JPMorgan Madoff Fallout: Bank to Pay $2 Billion in Settlements

Image: JPMorgan Madoff Fallout: Bank to Pay $2 Billion in Settlements Bernard Madoff, left, and JP Morgan Chase headquarters in New York City.

Monday, 06 Jan 2014 02:00 PM

By Clyde Hughes

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Accused of ignoring signs Bernard Madoff's fraud scheme, JP Morgan Chase will pay a little more than $2 billion in criminal settlements.

The penalties are another round of legal settlements for the country's biggest bank. In 2013, the bank agreed to pay out $20 billion to end a wide range of lawsuits and investigations relating to past mortgage bond sales and the 2012 "London whale" trade incident.

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Some of the Madoff-related fines will go to victims of the convicted swindler who ran a Ponzi scheme that allowed him to tip off billions of dollars from his investors. Sources told the Wall Street Journal, though, that the Justice Department will reel in $1.5 billion.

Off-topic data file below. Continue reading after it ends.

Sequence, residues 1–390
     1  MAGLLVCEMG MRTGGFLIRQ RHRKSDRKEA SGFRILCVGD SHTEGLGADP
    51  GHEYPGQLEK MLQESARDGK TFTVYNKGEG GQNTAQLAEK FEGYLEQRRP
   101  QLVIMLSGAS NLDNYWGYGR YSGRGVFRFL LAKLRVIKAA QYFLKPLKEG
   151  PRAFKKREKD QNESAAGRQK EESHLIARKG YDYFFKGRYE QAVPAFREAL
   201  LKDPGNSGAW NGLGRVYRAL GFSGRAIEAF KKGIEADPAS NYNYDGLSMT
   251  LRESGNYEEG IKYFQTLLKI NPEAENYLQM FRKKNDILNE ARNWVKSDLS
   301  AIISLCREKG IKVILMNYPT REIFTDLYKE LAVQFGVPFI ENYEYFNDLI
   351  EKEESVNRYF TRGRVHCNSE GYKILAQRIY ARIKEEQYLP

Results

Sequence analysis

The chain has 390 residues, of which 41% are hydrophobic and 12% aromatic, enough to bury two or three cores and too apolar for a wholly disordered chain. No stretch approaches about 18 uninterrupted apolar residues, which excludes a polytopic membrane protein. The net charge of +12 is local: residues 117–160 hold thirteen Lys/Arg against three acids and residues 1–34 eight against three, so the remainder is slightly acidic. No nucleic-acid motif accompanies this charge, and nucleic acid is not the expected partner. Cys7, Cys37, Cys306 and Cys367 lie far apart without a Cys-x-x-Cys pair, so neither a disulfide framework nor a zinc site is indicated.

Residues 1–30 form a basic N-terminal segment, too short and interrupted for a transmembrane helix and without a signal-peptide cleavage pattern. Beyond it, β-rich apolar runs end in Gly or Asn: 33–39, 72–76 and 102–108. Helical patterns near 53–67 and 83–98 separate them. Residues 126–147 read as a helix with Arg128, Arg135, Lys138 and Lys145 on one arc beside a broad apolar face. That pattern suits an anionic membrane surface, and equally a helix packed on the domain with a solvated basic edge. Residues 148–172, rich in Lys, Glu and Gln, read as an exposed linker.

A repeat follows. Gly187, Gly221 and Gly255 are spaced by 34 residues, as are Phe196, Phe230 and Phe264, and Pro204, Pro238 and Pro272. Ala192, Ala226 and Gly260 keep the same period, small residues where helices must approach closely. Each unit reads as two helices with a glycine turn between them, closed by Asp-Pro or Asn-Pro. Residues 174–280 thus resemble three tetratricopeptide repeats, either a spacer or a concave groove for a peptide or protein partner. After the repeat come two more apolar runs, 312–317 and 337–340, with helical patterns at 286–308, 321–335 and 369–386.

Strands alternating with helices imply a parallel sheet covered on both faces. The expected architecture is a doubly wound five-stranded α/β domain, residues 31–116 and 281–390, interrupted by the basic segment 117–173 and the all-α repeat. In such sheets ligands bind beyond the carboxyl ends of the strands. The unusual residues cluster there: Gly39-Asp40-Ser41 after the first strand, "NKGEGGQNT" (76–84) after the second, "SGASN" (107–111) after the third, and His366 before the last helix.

JP Morgan CEO James Dimon referred to the Madoff case last month at the Goldman Sachs Financial Conference in discussing the strategy behind the settlements.

"You read about Madoff in the paper the other day," Dimon said at the New York conference, the WSJ reported. "We have got to get some of these things behind us so we can do our job. Our job is to serve clients around the world. That's our job. So I want to get it behind us."

The New York Times DealBook wrote that the Madoff deal includes a deferred prosecution agreement. The agreement reportedly states that there would be a suspension of "an indictment as long as JP Morgan acknowledged the facts of the government's case and changed its behavior."

"While no individual executives have been accused of wrongdoing, federal prosecutors are expected to cite JP Morgan for a criminal violation of the Bank Secrecy Act, though prosecutors will only call for a fine and the deferred prosecution agreement, rather than demand the bank plead guilty to the criminal violation as had been considered at one point," wrote DealBook.

DealBook stated that the United States attorney's office in Manhattan, and the FBI, which headed up the case into JP Morgan, declined to comment.

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